Your wrists and hands do a lot of work each day. Because they are made up of many small joints and tendons, they are prone to pain and injury. Wrist pain can happen for a variety of reasons, but mostly as the result of trauma, repetitive use, or degenerative disease.
According to the American Academy of Orthopedic Surgeons, wrist sprains are a common injury. There are many little ligaments in the wrist that can be stretched or torn as a result of a fall or athletic injury. Mild wrist sprains can be treated at home with ice and rest. However, if the wrist is not improving quickly at home, it is important that a doctor evaluate the wrist to rule out a more serious injury.
The forearm is made up of two bones. The larger of the bones is called the radius. When this bone breaks near the wrist, it is often called a broken wrist. This is a common fracture because when we fall, we often try to break the fall with outstretched arms, and we land on the wrist. Fractures are usually painful and the wrist may be swollen or deformed. If you suspect you have a fracture, you should contact your doctor immediately.
Sometimes there is an onset of wrist pain without any injury or trauma. In these cases, the wrist may be sore simply from overuse. Hand and wrist overuse injuries are common. In a study of worker’s compensation claims in Washington, the rate of hand and wrist disorders were higher than any other musculoskeletal condition related to industrial claims. Repetitive motions in the hands and wrists can cause a painful condition in the wrist known as carpal tunnel syndrome. This involves a nerve traveling from the hand to the forearm that can get squeezed as it passes through the wrist. A doctor can determine the best form of treatment for overuse injuries.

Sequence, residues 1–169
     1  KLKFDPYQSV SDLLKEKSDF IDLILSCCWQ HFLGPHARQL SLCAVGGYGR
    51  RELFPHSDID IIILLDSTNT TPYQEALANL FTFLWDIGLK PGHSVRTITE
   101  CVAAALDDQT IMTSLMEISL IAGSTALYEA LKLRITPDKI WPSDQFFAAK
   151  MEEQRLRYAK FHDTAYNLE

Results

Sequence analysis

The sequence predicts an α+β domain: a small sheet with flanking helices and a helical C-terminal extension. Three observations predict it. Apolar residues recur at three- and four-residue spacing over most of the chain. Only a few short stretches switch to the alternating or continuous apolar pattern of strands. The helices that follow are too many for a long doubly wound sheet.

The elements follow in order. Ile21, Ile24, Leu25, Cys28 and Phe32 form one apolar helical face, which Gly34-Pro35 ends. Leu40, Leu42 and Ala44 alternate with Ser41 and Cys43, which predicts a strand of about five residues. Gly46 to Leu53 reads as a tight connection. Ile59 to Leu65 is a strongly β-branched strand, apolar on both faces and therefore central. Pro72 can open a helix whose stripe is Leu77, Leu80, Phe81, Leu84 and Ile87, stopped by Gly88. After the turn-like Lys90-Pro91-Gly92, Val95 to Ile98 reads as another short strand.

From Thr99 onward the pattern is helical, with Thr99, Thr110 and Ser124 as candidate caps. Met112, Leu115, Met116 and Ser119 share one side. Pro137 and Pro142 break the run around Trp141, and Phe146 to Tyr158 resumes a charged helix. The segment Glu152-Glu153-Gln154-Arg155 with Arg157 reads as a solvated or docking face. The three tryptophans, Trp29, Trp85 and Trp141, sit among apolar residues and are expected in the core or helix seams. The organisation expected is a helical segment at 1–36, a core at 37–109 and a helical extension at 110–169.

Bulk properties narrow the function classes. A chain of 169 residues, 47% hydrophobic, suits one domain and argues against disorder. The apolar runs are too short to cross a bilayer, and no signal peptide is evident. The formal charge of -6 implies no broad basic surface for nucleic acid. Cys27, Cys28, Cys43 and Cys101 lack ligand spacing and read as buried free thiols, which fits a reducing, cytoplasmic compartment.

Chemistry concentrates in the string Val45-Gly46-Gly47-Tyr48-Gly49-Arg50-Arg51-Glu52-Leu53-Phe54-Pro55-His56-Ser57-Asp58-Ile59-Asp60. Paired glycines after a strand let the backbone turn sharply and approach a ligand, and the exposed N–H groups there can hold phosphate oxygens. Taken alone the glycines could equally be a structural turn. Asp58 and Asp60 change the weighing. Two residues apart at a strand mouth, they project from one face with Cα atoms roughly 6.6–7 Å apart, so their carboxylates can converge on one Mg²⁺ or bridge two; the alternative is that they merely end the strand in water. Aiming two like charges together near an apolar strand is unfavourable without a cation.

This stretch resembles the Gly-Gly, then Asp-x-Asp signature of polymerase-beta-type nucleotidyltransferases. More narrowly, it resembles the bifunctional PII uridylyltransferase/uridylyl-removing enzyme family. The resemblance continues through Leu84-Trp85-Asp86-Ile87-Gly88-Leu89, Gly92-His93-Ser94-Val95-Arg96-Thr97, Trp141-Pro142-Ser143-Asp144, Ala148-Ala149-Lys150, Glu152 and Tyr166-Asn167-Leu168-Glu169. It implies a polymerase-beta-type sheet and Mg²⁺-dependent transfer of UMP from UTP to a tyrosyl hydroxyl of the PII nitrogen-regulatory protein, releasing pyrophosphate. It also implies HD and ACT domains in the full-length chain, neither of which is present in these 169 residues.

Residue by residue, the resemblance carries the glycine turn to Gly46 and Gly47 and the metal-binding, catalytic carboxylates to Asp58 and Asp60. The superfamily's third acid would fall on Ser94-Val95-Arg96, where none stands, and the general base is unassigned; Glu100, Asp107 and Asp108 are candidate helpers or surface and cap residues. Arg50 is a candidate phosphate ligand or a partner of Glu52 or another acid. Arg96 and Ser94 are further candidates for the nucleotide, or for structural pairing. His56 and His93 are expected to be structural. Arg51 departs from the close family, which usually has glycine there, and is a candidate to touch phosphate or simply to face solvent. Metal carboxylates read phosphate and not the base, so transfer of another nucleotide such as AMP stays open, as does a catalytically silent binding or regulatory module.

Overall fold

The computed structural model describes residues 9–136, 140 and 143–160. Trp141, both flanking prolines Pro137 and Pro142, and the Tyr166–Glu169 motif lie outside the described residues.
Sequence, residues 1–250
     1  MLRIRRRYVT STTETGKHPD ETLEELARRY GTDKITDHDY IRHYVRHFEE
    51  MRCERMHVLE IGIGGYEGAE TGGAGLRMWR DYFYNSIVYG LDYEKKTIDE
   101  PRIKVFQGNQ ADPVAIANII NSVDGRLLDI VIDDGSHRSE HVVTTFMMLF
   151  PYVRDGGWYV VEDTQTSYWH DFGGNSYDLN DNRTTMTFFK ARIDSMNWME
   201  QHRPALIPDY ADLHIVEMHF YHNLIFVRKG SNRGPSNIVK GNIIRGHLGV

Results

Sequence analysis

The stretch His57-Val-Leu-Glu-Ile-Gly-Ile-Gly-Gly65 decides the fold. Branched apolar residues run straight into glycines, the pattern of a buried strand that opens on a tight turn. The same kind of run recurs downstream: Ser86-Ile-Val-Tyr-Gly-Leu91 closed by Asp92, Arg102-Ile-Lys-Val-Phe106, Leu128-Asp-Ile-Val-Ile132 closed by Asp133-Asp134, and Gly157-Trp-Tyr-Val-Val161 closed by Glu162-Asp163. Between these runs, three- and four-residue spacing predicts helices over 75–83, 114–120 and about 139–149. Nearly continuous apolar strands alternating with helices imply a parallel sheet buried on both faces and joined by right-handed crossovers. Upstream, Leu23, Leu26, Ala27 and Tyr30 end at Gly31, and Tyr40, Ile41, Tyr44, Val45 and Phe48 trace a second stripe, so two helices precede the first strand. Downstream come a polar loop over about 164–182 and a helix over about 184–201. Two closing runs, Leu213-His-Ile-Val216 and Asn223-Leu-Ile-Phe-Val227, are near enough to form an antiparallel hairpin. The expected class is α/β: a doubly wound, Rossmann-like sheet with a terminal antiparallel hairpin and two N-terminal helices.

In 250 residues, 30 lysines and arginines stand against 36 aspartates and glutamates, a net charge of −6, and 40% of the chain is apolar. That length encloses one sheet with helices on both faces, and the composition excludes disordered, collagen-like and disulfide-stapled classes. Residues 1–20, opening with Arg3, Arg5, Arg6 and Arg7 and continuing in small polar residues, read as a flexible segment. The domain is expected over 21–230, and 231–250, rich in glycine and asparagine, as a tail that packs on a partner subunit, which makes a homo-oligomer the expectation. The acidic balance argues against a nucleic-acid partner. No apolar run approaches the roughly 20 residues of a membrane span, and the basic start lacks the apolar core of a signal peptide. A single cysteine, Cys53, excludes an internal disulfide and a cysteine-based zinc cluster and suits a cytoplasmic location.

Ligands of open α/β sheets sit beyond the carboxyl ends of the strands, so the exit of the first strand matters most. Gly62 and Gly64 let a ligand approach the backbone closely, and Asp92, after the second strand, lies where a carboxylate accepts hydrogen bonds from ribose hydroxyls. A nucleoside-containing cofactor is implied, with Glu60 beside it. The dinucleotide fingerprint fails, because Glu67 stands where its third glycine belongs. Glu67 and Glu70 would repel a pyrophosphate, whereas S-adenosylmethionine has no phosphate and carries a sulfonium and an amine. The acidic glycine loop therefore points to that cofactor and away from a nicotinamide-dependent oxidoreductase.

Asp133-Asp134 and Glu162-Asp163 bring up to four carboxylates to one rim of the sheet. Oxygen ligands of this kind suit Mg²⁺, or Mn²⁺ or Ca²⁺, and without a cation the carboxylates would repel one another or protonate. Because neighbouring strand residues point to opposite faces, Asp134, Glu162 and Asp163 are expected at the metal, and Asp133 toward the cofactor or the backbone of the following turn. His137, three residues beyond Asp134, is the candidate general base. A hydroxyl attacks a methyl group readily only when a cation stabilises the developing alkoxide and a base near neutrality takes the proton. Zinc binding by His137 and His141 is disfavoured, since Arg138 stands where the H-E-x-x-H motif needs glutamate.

Arthritis is a disease of the tissues inside the joints. With arthritis, the joints often begin to wear down and become painful. The wrist is often the first site of clinically detectable rheumatoid arthritis. Your doctor will be able to determine if your wrist pain is related to arthritis by an x-ray, an MRI, or a blood test. If your wrist pain is due to arthritis, there are multiple treatments available to slow the condition and control the swelling.
See More Helpful Articles:
Dr. Tracy Davenport is a health writer, advocate and entrepreneur who has been helping individuals live their best life. She is co-author of Making Life Better for a Baby with Acid Reflux. Follow Tracy’s love of smoothies on Twitter.
Tracy Davenport, Ph.D., is a freelance health writer and the C.E.O. of Tracy’s Smoothie Place. She serves as the expert on a weekly radio show about health and wellness and is the author of Making Life Better for a Baby with Acid Reflux and multiple articles about the cost of caregiving. Learn more about Tracy and what healthy living services and products she can offer on her website. She can also be found on Twitter and Instagram @drinksmoothies.